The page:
Half a croissant, on a plate, with a sign in front of it saying '50c'
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Personal blood temperature conditioner

Inspired by "Personal Blood Cooler" idea (which didn't go far enough)
  [vote for,

Tap your artery and divert your blood flow through this external pack (solar or battery powered). A dial will regulate your blood temperature to either hot or cold. In 60 C in the desert simply turn the dial all the way to "cold" and feel instant relief from the scorching heat. In -60 C on the north pole, fell free to take off your jacket and crank up the blood temperature to hot - you won't notice a thing.

Even in moderate climates, you will save on heating bills and you'll never complain about someone making the room too hot or cold for your comfort - each person will have their personal unit and will set their own comfortable temperature.

ixnaum, Aug 04 2010

(?) Cutaneous thermoregulation http://www.mayoclin...ntent/78/5/603.long
[mouseposture, Aug 06 2010]

Warming or Cooling Core Temperature From The Inside Out http://medgadget.co...rt_cooling_g_1.html
I just watched a teevee show where this was hailed as an invention of the Defense Advanced Research Projects Agency (DARPA) [Grogster, Aug 07 2010]

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       Welll.....the problem with this idea is that it taps into an artery (and presumably a biggie, if it's to have much effect).   

       Your arterial blood is at a pretty constant temperature anyway, unless you're in real difficulty. So trying to adjust its temperature would be either pointless or dangerous.
MaxwellBuchanan, Aug 04 2010

       Dangerous? very (maybe not so much with more research into how to do this safely). Pointless? no. Since blood circulates through the entire body it has the potential to act as a coolant or heating fluid. I believe it would be quite effective.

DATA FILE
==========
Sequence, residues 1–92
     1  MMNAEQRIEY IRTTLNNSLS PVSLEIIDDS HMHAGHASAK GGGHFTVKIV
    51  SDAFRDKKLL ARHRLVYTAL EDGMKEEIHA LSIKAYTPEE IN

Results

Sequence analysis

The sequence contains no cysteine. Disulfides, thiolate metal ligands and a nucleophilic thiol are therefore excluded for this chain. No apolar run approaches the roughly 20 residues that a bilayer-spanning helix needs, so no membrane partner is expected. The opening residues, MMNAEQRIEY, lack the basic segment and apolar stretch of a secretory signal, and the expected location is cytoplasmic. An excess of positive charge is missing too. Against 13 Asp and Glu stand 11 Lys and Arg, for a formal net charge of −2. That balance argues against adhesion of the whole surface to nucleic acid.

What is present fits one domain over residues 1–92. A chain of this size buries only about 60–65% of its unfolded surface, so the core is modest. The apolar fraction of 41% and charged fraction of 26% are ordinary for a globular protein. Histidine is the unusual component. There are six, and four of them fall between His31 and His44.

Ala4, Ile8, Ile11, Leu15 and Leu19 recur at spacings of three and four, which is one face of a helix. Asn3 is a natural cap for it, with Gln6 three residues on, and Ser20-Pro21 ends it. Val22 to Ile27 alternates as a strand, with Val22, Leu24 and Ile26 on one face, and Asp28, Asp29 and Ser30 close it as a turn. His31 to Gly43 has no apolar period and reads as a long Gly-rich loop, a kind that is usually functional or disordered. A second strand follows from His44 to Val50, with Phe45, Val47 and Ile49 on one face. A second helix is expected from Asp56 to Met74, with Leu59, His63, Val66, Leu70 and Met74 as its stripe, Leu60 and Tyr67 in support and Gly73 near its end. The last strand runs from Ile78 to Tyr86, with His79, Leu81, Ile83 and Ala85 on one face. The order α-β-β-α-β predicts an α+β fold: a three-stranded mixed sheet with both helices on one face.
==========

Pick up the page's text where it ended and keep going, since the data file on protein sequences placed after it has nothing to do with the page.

ixnaum, Aug 05 2010

       Excellent! Now if I can only figure out how to float around the room, I'll feel like the Baron in the movie "Dune" (only with fewer complexion problems). Bun! [+]
Grogster, Aug 05 2010

       //Since blood circulates through the entire body it has the potential to act as a coolant or heating fluid.// Not "potential." It already works this way, with skin as the heat exchanger.   

       [MB] dropping the temperature of arterial blood is a pretty commonplace occurrence: happens when the arterial blood enters the capillaries. I'd rephrase your criticism as "Altering core [as opposed to peripheral] body temperature would be dangerous." Nonetheless, it's occasionally done, typically by means of gastric lavage, though ventilation with warmed air, or as an incidental effect of laparotomy.   

       All of those methods work better than this idea, but none of them *look* as good. Extracorporeal circulation is a well-developed technology, so this should be feasible. Probably could be made portable, but if not, portable intraaortic baloon pumps exist, and could presumably be used to heat or cool cool arterial blood in situ.   

       I don't think this method would actually make people comfortable. I think that: in hot weather, it would make you shiver violently and feel horribly cold, whereas, in cold weather, you might *feel* OK, but you'd still need warm clothing to avoid frostbite.
mouseposture, Aug 05 2010

       //I don't think this method would actually make people comfortable.